For the first time in more than two decades, a Republican not named Gary Finch will appear on the ballot in the 126th Assembly District.
On June 23, GOP voters in the four-county district will decide whether Danny Fitzpatrick or John Lemondes will succeed Finch, R-Springport, as the party's nominee. The primary election will cap off a four-month process that had its share of twists.
Finch surprised local Republicans by announcing in early February that he will not seek reelection this year. There were several GOP candidates interested in being Finch's successor. Kenneth Bush III emerged as the front-runner and won the GOP designation, along with the endorsements of the Conservative and Independence parties.
Fitzpatrick, who sought the Republican Party's endorsement, was the only GOP candidate who didn't bow out after Bush won the designation. He opted to force a primary.
In late March, Bush abruptly dropped out of the race. Republican, Conservative and Independence party leaders selected Lemondes to replace Bush on the primary election ballot.
While both are Republicans, there are differences between Fitzpatrick and Lemondes. Fitzpatrick, who serves as LaFayette town supervisor and is the son of Onondaga County District Attorney William Fitzpatrick, has worked in politics his entire professional career. He's been a GOP political consultant and now works as the director of intergovernmental relations for the Onondaga County Water Authority.
"I have the combination of experience and issue-focused situations that I've been in that are really perfect for the 126th Assembly District," Fitzpatrick said. "On top of that, I think have the ability to put together the right operation to win not only a primary campaign but a general election."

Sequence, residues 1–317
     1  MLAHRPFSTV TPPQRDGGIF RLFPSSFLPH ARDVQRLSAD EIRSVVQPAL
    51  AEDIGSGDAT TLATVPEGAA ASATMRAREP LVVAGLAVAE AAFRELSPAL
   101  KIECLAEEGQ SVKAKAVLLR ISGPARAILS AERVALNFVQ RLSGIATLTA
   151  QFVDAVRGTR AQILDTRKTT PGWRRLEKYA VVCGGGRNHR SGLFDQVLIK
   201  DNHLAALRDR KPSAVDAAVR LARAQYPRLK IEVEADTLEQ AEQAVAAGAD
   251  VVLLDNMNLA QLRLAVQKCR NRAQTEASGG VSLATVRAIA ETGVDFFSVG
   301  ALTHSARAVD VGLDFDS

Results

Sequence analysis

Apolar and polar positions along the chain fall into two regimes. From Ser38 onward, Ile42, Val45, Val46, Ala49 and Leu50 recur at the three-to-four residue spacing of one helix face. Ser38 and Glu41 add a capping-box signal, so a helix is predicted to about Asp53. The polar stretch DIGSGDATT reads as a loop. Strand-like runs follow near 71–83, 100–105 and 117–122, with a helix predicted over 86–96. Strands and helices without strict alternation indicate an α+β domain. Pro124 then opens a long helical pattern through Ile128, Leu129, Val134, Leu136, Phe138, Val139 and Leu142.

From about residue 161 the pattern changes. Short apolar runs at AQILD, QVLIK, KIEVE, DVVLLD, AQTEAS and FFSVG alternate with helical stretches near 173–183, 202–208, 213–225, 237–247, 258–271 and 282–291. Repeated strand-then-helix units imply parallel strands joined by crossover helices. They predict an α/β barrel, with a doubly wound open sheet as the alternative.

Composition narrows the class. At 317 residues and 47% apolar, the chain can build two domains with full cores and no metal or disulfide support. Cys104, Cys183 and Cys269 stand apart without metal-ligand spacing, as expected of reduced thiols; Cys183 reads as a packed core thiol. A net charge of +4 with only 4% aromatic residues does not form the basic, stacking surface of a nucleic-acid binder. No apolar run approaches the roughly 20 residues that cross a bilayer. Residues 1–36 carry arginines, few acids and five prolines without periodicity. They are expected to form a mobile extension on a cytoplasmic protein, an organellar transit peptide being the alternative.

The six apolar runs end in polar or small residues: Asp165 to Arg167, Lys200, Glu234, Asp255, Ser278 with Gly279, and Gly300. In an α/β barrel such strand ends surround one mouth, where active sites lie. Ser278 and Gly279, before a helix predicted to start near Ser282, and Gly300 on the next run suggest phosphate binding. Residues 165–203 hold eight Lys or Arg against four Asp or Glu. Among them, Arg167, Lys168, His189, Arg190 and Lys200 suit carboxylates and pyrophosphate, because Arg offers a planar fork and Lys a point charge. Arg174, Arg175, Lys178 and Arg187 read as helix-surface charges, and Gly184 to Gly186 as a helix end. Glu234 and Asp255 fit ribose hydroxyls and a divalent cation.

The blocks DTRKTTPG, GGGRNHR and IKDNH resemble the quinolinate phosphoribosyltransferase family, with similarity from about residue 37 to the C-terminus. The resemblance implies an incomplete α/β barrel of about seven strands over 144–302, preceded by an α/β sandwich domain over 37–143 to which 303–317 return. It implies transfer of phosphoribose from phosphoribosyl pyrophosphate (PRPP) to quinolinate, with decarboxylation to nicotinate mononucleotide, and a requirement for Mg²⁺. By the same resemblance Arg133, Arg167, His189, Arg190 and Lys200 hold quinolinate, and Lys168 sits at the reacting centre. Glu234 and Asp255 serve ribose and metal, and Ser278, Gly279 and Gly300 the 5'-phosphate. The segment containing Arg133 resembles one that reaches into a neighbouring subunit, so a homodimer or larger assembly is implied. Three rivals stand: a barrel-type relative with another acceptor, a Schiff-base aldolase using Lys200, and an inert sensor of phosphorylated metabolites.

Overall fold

Lemondes is a retired Army colonel. He served 27 years in the military, which included deployments to Afghanistan and Iraq. After retiring from the Army, he returned to central New York and settled on a 488-acre farm in LaFayette. He's been an active member of various agricultural groups, including the American Sheep Industry Association and New York Farm Bureau.
"When you talk about life experience, war grounded me," Lemondes said. "I was in my first combat operation at 25. I grew up fast and that made me cherish and respect life as well as our way of life in ways that many people probably won't understand ... Leadership is a daunting task and there's no better place to be immersed in it, to understand how difficult it is, than in the military."
Both candidates believe they have attributes that can help them connect with constituents and leaders across the district, which includes parts of Cayuga, Chenango, Cortland and Onondaga counties. As a farmer, Lemondes says he understands what it's like to operate during the COVID-19 pandemic and the economic downturn. Like dairy farms that can't find markets for their milk, he said his farm can't find markets for their wool.
He recently spoke to a farmer who has been affected by the late spring and several workers testing positive for COVID-19. Through his own experiences, he said he can relate with farmers who have to deal with factors out of their control.